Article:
Thursday, September 20, 2007

SYMBOLIC SATURDAY - WHY IT'S A MAN. A MAN MADE OUT OF TIN!

Heraldry is just really cool. I am not even sure why, but it is just cool.

It also has heavy use in the Church, which we will look into over the next few Symbolic Saturdays. It might be helpful to begin with a quick history of heraldry. This is the five-cent quick gloss over of its development so I apologize if it might seem a bit oversimplified to any scholars of heraldry out there.

Heraldry came into being in the Middle Ages. This was back when you had great persons or families with fiefdoms. At first there was no particular need to mark anyone or anything because it was largely these great families and their fiefs that fought against each other and you knew who was with you and who was against you.

Then the Crusades began. Neighbors came together in a common cause and so color picture signs developed in order to help identify the good guys (whom you might not know personally) as well as your “own team”.

As wars progressed and weapons became more brutal casualty rates soared through the roof. So stronger and better armor was developed. As the armor covered more and more of the person (and his horse) it obscured those distinguishing marks that made it easy to recognize individual people. It was like being inside a tank. “Just who is in that pile of tin anyway?” And quite frankly, they became hard to see out of too. So they would paint easily recognizable symbols on the armor, helmet, shields, and even on their horse’s armor in order to be able to distinguish more easily “them” and “us”.

The next problem was that there came to be a great proliferation of these symbols. Somebody would be needed to keep track of them all. That somebody was the heralds from whence cometh the name “heraldry”. These were important men who catalogued all the symbols in order to help quickly identify both friends and foes alike.

They rode with the troops but they were forbidden from fighting. They were keepers of secrets and had pass to travel between warring sides to deliver messages. After a battle they would be sent out to identify the dead. They were courtly men and because they needed to record all the different heraldic shields from all over, they were very well traveled.

Next week we will start into some of the rules that grew out of this period which still apply to heraldry today.

IN OTHER NEWS:

Quiz answers!

The first picture shows from left to right: a) purificator, b)corporal, c) a towel – or – finger towel - or - if you are particularly fancy, a lavabo towel.

The second picture shows again an open corporal, a term that comes from the Latin word “corpus” or “body”. It is placed at the center of the altar under the chalice(s) and hosts. It is most usually heavily starched and ironed into nine squares. Its purpose is to catch any portion of the Body of Christ (hence the name) that fall from the hosts as from the fraction rite for example. The folds, when carefully handled, form “traps” that keep the Body of Christ from falling on the floor or what have you until the corporal can be properly cleaned.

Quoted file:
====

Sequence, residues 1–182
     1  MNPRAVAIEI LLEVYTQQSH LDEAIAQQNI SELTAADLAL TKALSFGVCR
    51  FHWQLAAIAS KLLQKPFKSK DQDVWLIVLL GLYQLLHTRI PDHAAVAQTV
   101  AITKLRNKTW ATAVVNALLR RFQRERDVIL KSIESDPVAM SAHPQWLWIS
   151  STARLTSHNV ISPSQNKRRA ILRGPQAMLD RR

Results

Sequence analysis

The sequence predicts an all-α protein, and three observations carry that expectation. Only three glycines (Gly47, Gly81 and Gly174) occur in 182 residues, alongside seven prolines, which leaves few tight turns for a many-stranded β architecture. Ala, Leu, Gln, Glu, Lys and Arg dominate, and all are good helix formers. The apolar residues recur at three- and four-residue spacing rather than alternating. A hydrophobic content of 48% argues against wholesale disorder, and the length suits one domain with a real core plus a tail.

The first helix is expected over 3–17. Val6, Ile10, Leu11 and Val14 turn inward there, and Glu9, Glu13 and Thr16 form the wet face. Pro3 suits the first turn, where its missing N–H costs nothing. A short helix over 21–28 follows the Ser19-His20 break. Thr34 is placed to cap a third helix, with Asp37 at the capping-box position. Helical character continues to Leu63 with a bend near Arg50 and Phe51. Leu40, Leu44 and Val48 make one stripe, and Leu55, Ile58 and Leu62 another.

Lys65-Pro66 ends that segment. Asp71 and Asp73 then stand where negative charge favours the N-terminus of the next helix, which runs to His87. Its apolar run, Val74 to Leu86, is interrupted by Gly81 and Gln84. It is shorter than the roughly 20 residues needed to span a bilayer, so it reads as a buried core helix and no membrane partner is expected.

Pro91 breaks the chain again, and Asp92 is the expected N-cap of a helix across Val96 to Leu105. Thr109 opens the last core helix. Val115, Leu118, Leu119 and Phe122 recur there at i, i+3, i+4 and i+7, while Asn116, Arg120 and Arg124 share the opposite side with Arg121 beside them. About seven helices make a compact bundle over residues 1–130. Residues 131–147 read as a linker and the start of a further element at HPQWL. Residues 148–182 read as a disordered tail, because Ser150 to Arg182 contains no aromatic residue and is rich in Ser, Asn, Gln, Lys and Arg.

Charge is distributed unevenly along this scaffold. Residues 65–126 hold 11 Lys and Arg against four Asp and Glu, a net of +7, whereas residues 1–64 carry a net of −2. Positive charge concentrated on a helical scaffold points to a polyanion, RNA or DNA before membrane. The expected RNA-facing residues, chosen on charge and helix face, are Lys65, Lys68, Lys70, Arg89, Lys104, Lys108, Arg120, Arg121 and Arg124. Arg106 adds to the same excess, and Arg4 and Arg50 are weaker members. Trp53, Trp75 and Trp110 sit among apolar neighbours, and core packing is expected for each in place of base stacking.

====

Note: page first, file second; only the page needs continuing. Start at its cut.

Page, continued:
According to the USCCB, this is how these clothes should be cleaned:

"When corporals are cleansed they should first be rinsed in a sacrarium and only afterwards washed with laundry soaps in the customary manner. Corporals should be ironed in such a way that their distinctive manner of folding helps to contain whatever small particles of the consecrated host may remain at the conclusion of the Eucharistic celebration.”

“Because of their function, purificators regularly become stained with the Precious Blood. It is, therefore, essential that they should first be cleansed in a sacrarium and only afterwards washed with laundry soaps in the customary manner. Purificators should be ironed in such a way that they may be easily used for the wiping of the lip of the chalice.”

(You can just throw the lavabo towel in the wash!)

2 comments:

JustMe said...

This is very interesting, and not least of all because Francis referred to himself as Christ's herald.

I went to a Greek Orthodox Mass once (I was told it was a valid Sunday Mass), and was thunderstruck to see little babies and kids coming back to pews in their fathers' arms while eating a portion of the Host (bread).. for crumbs were going everywhere onto clothes, onto the floor, onto the bottoms of shoes.. I knew I wasn't the only one who'd noticed this, and I was a visitor, so I didn't raise the roof -- and maybe Orthodox folks aren't supposed to communicate Him to their children, but it seemed all did so. Surely they believe in the Real Presence? And here are we, so careful about the least crumb falling into abuse, as it should be. Gosh, what a contrast.

Rob said...

I can't imagine the crumbs were "okay" in Orthodox eyes (but maybe so), but I do know that in the Orthodox church infants are baptised and confirmed and given the eucharist in one ceremony. In fact, this is the ancient approach, which is why some US bishops have moved confirmation and communion back to an early age.